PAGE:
Even as I talked out my worries with this friend, my mind raced to think of the jokes yet to be written, the hot takes waiting to be served to an at times bewildered, at times emboldened citizenry. And as a child whose family spent late Saturdays playing Scrabble and listening for Don Pardo’s signature “Live from New York…” I was of course curious about how Saturday Night Live would handle this reality, one they didn’t seem fully prepared for. Their approach delayed a ruling, which prompted me to share this question the following week:

The “tweetstorm” that followed this entry into the debate revealed some complicated feelings I have about humor in this specific instance but also humor as a whole, and I warn you that this post holds no solutions about the conflict.

Now. On the one hand, you will find few greater proponents of humor as a coping mechanism when things get tough. I’ve spoken on this publicly, and few who know me would deny it. I regularly joke about difficult things to get through them- anxiety, fear, heartbreak, and other dark moments all need to be infused with humor to make them manageable. Without this type of comedy, I’m not sure where I’d be. Surely somewhere far darker and less productive, as these hard things threatened my peace of mind and perspective. And for that reason, as a political climate emerges that unquestionably provokes many of these same feelings (anxiety and fear for sure, and also even a sense of grief), I think that this type of comedy needs to exist. It allows the marginalized to maintain some sense of power in a situation that renders them otherwise disempowered, in some cases even powerless.

However, I’m struggling to consume it. 

It hasn’t always been this way. You will find few bigger fans of Donald Trump’s SNL 2004 parody ad, “Donald Trump’s House of Wings.” I wish I could link you to it, but the powers that be have erased its existence from the Internet. It was a really catchy takeoff of The Pointer Sisters’ “Jump (For My Love),” and I still remember the slight mimicked dance my mom did around the house in the days after it aired. The very second I find it, I promise to share. What’s the difference between this 2004 turn, and the one he made as a presidential candidate, some might ask? Fair question. My honest answer: 2004 was benign. 2015 wasn’t.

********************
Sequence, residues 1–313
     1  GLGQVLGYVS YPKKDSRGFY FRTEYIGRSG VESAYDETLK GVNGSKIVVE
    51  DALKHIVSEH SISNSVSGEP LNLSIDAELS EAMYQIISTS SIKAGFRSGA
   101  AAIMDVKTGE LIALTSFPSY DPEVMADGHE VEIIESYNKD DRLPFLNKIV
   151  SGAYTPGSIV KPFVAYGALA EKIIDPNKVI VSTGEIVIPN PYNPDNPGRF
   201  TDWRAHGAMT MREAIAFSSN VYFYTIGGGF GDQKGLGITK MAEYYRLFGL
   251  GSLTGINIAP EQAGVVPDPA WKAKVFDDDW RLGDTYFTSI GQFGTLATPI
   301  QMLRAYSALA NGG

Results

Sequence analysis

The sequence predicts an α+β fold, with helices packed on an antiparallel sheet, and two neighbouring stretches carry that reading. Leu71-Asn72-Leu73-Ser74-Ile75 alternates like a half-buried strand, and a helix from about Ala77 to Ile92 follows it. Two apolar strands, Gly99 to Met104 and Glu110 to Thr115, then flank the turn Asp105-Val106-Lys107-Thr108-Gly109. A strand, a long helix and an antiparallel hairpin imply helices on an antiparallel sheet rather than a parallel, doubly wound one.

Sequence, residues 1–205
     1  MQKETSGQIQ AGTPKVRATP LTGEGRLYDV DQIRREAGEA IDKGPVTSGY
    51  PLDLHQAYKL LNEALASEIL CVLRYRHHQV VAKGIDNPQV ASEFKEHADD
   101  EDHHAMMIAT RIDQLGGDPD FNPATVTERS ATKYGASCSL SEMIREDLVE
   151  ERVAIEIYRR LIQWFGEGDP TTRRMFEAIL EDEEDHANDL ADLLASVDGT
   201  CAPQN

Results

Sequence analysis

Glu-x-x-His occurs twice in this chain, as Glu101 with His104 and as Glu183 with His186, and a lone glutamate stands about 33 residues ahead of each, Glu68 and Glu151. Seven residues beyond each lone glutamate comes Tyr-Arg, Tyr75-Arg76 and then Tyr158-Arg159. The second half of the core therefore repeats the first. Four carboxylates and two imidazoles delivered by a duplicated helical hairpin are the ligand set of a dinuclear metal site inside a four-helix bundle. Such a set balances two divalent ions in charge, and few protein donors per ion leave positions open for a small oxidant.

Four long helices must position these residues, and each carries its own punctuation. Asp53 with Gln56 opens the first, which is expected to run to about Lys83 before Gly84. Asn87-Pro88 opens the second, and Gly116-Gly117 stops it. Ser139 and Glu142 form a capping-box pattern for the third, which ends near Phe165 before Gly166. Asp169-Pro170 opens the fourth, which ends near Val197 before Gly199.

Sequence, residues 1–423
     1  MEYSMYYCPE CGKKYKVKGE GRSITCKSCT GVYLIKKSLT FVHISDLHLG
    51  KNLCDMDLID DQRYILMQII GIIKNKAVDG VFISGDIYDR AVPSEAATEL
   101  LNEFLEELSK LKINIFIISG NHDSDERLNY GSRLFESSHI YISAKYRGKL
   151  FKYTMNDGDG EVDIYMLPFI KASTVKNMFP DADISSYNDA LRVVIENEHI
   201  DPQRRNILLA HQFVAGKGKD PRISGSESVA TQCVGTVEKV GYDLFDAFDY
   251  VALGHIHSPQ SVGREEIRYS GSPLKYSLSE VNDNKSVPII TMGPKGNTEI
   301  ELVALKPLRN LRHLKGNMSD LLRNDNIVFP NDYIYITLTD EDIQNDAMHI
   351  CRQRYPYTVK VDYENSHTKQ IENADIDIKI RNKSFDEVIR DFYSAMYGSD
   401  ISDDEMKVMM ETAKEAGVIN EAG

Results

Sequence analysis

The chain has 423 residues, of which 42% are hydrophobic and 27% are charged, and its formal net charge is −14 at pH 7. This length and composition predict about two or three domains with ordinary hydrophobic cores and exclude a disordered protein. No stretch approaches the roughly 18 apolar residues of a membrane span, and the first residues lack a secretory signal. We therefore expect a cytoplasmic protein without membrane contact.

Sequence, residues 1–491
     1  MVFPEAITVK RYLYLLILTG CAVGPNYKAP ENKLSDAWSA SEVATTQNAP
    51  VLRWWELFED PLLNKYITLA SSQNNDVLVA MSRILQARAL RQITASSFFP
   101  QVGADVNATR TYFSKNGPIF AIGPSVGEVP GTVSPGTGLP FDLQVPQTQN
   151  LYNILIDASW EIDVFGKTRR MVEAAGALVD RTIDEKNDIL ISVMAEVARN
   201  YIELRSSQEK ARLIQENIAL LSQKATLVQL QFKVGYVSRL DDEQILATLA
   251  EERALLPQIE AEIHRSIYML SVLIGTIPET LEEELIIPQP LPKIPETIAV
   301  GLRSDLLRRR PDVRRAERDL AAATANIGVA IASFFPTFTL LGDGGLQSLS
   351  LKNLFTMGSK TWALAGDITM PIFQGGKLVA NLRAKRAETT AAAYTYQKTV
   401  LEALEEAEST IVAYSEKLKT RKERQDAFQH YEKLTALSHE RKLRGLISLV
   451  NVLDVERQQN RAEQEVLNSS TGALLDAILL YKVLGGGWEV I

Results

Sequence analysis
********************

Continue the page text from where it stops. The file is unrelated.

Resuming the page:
This next bit involves theory. You’ve been warned, so here we go.

FastCompany recently did a rundown of comedy theory from past to present, providing a number of frameworks by which to evaluate comedy and its effectiveness, a way to decide objectively if something is funny. Their most current metric, one that I use often when explaining comedy to colleagues and students, is the Benign Violation Theory. To sum up:

Broadly, benign violations theory asserts that all humor derives from three necessary conditions:

  1. The presence of some sort of norm violation, be it a moral norm violation (robbing a retirement home), social norm violation (breaking up with a long-term boyfriend via text message), or physical norm violation (purposefully sneezing directly on a child).

  2. A “benign” or “safe” context in which the violation takes place (this can take many forms).

  3. The interpretation of the first two points simultaneously. In other words, one must view, read, or otherwise interpret a violation as relatively harmless.

As someone with an extraordinarily high burden of offense, I’ve been able to fit most things into this framework; that is to say, I find a lot of things funny. Far more than most people, and often more than is professionally advisable. I like being able to find humor in hard things; again, it’s a coping mechanism and one that I believe in strongly.